H&S gone mad?

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Smudger105e

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Read this article in the Star (I know!!) today

LANDSLIDE GIRL DIG DELAYED 3 HOURS BY HEALTH AND SAFETY

RESCUE workers did not start digging for Charlotte Blackman for three hours on health and safety grounds after she was crushed to death by a landslide.

The 22-year-old teaching assistant’s family watched in agony as a 30-strong team of firefighters waited for the all-clear from a geologist.

Charlottes’s dad Kevin and boyfriend Matt Carnell desperately tried to dig through the 35ft pile of rubble with their bare hands in a bid to save her, until a second landslip forced them to flee.

They then watched from the top of the cliffs with Charlotte’s mum Rachel, sister Sinead, 20, and brother Mitchell, 12, as rescuers with heavy lifting equipment and diggers arrived at the scene.

Charlotte, of Heanor, Derbys, was strolling along the beach during a family holiday in Burton Bradstock, Dorset, when the cliff collapsed.

Her body was found at 9.40pm, nine hours after the landslide.

A 48-year-old witness, who asked not to be named, said: “It seems strange to me that they had all the gear but had to wait for a geology expert until they could do anything."

“It seems to be about health and safety all the time. "

“How many people would have been removed from the rubble in the Blitz if there was health and safety back then?”


Jacki Witt, 48, from Maidenhead, Berks, said: “If they put an announcement out for people to come and help there would have been teams of people there.’’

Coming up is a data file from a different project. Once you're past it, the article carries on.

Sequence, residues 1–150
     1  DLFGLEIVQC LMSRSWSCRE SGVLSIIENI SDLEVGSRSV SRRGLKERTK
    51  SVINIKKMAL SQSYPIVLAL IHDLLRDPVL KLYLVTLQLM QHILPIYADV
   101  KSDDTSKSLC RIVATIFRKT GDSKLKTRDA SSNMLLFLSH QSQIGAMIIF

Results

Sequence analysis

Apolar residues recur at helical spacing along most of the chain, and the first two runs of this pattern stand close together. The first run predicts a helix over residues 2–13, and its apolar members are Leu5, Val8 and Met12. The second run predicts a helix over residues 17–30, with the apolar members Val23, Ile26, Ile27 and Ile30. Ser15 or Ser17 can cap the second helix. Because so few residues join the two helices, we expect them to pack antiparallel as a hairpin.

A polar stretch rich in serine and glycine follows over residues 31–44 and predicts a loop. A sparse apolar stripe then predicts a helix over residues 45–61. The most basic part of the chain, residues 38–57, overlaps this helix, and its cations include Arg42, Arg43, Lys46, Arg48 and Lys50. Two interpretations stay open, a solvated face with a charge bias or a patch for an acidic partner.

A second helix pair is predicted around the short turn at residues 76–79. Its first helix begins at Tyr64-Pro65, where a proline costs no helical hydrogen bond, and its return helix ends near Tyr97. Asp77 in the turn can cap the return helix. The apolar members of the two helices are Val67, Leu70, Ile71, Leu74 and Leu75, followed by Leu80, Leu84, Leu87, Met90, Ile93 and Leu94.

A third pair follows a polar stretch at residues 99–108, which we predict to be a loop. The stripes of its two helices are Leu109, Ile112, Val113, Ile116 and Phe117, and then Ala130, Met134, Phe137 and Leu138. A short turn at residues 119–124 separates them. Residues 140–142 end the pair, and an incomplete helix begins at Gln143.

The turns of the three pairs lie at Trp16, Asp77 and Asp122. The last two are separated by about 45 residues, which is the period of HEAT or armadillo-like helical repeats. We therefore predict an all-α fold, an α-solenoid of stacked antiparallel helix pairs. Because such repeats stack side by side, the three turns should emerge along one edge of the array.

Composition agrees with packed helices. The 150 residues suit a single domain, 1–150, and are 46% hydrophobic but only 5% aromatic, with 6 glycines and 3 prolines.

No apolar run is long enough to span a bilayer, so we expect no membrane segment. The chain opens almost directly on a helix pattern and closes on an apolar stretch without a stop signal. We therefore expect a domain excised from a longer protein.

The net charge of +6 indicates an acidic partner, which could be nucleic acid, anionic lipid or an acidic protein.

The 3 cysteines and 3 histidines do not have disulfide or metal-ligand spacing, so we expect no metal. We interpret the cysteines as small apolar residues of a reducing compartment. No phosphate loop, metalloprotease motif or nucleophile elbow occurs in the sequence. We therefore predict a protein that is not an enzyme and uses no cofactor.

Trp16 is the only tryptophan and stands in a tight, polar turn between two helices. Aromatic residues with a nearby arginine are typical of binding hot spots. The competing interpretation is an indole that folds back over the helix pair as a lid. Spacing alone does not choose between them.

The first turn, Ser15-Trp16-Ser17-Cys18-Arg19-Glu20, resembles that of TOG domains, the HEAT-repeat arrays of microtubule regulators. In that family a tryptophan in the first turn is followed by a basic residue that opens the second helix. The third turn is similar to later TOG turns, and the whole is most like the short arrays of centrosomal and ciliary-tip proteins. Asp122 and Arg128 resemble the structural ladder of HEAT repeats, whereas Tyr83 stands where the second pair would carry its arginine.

But Dorset Fire and Rescue Service Group Manager Mick Stead said it was not safe for rescue workers to attempt to free Charlotte immediately because the cliffs were unstable.

Instead, sniffer dogs walked over the mass of rock to try to locate her body.

Mr Stead explained “We have assessed the risks to the emergency workers and it is a question of trying to balance the rescue operation against the risk to us.”

The Blackman family had been camping at Freshwater Beach Caravan Park, just 400 metres from the scene.


Firstly I would like to say that I really feel for the Family and the young woman, what a terrible terrible way to meet your death, and she didn't live too far from me either, which also brings the tragedy home.

But, I really want to point at what I consider the sensationalist reporting by the Daily Star. The tone of the article is, in my opinion, that the emergency services were prevented from extracting the woman's body by Health and Safety. Damn right!! She was under some 400 tonnes of rock, and how would the family have felt if more cliff fell down and crushed a number of people trying to remove her body?

I think that although sometimes people take Health & safety to the nth extreme, but that in this situation the decision to wait was the right one.

Discuss!!
 
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Nym

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One word, no...

Would you want to go and work on a site that was geologically unsafe and the second a shovel goes to ground you get another landslide and bury more people? No.

If the woman was still alive would it have been another matter? Yes.
 

martin2345uk

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So people start digging... cause another collapse... then complain when the experts wait for the all clear from a geologist? Sorry but that sounds the most sensible thing to do!

Terrible loss I agree, but I'm on the side of 'elf n safety with this one!